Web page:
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PAR EntreMundos

A Pedagogy of the Américas

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Edited By Jennifer Ayala, Julio Cammarota, Margarita I. Berta-Ávila, Melissa Rivera, Louie F. Rodríguez and María Elena Torre

PAR EntreMundos: A Pedagogy of the Américas challenges the standard narratives of "achievement" to think about how Latinx students can experience an education that forges new possibilities of liberation and justice. Growing Latinx student populations have led to concerns about "assimilating" them into mainstream academic frameworks. This book offers an alternative, decolonizing approach that embraces complex Latinx identities and clears a path toward resisting systems of oppression. Educating Latinx students should involve more than just helping them achieve in school but rather having them recognize their agency to transform the larger structure of education to promote justice-oriented practices. The authors offer a framework for such transformation by honoring their theoretical lineages, proposing a set of guiding principles, and sharing stories about collective social action within and outside Latinx communities. PAR EntreMundos: A Pedagogy of the Américas is a practice of liberation and freedom.

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Introduction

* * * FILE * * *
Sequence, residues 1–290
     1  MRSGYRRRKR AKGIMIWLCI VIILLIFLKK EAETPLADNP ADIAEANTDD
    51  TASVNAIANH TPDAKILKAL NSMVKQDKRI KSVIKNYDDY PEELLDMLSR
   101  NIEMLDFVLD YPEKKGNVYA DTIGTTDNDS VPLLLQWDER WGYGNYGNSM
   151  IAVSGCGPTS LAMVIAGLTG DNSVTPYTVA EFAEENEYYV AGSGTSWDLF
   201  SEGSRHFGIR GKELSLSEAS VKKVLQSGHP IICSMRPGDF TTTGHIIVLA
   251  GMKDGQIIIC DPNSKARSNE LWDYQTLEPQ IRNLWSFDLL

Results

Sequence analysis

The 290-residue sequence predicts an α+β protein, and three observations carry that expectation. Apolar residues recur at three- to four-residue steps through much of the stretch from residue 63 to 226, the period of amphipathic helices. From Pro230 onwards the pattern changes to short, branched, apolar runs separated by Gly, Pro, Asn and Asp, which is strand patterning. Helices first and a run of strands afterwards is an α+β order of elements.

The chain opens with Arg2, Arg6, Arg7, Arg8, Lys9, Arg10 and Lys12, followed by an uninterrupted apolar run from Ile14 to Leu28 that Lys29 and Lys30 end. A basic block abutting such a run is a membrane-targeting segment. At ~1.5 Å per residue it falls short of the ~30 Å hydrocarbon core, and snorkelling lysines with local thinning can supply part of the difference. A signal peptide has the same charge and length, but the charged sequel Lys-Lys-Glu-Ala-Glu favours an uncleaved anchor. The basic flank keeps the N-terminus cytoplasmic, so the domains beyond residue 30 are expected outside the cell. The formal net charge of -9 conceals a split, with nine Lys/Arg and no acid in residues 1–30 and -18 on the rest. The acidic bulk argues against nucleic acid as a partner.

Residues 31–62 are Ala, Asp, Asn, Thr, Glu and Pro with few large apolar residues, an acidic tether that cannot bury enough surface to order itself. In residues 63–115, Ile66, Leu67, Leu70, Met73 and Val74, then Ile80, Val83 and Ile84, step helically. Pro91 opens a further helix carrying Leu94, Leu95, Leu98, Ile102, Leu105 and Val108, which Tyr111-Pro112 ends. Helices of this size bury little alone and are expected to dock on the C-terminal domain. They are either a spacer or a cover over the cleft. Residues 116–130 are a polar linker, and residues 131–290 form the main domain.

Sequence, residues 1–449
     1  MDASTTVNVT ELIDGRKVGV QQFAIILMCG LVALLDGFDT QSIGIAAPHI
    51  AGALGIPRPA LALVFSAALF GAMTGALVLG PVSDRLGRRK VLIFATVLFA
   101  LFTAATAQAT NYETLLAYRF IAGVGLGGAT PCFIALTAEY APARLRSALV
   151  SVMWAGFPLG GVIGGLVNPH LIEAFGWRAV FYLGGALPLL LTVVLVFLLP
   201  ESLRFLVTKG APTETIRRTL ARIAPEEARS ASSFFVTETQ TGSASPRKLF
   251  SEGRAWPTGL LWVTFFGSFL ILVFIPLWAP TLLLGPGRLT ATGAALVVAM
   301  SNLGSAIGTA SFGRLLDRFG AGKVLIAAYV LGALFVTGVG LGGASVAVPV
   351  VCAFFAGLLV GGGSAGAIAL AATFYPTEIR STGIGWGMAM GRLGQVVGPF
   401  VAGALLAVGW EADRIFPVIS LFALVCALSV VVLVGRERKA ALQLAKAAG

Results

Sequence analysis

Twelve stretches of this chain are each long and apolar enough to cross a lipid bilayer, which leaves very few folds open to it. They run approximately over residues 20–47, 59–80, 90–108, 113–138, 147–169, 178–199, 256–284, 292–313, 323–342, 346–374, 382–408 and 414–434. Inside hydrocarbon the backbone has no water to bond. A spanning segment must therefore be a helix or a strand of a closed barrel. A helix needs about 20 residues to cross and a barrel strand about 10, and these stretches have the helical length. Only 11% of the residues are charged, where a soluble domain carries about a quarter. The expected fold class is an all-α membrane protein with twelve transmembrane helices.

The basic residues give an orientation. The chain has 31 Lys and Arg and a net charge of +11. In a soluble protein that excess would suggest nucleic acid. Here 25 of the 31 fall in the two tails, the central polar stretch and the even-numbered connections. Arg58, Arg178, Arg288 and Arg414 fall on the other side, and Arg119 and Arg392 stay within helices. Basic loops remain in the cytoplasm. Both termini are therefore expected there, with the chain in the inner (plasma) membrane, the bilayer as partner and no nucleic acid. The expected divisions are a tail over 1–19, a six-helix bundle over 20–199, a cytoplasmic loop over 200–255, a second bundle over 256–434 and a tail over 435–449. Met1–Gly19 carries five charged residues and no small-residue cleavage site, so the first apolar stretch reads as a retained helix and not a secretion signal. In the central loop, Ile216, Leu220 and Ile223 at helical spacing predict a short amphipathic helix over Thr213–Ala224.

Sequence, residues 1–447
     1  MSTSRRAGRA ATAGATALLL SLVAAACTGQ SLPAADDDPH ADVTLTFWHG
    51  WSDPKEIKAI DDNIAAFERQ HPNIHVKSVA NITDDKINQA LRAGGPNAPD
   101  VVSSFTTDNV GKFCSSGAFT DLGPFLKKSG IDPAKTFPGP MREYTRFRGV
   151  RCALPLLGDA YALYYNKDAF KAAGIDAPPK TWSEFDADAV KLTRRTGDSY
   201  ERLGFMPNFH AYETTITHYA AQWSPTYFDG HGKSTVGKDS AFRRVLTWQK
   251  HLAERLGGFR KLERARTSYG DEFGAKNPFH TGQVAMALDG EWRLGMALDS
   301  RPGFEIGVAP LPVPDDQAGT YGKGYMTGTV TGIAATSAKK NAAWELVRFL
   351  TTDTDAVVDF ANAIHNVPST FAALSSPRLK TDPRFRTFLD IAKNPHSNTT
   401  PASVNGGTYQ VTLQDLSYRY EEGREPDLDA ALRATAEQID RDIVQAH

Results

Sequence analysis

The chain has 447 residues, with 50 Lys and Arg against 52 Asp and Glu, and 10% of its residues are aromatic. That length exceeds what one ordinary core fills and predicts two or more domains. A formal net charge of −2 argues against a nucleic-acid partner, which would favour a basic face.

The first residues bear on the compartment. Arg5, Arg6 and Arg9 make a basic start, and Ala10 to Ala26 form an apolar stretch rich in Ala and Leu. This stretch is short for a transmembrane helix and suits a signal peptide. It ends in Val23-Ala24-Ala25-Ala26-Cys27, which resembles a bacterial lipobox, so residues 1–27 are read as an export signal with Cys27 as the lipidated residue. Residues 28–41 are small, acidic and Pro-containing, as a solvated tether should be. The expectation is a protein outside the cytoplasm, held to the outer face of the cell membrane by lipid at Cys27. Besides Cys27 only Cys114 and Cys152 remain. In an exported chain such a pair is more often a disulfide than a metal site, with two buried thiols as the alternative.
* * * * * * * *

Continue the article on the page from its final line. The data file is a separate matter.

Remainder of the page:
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For a high school student, walking through the school hallways between classes can be an uneventful experience, just a transition from one class to another. One day Zach Rubio, a 16-year-old Mexican American student thought his transition through the hallway was as innocuous as the many other times he has traversed his school, but a teacher overhearing a conversation he was having with a classmate thought differently. She heard Zach and his classmate speak Spanish, which she believed was inappropriate and “abnormal”. The teacher reported Zach to the principal who summarily suspended him for 1½ days. After learning that his son was suspended for speaking Spanish, Zach’s father went to the principal to find out what policy had been violated. The school district did not have a policy preventing students from speaking non-English languages. In fact, the district superintendent rescinded the suspension after learning about the incident, stating that “the district does not prevent students from speaking foreign languages at school”. Although his statement indicated that speaking Spanish is not grounds for suspension, it was very telling as to how Latinxs are perceived in the education system—as a foreign, uninvited presence.1

Zach’s suspension happened in a high school located in Kansas City, one of the new areas with emerging Latinx communities. Punishment for speaking←1 | 2→ non-English languages is a significant part of educational history throughout much of the U.S. Southwest, West Coast, and East Coast. The fact that Zach’s suspension occurred in America’s heartland...

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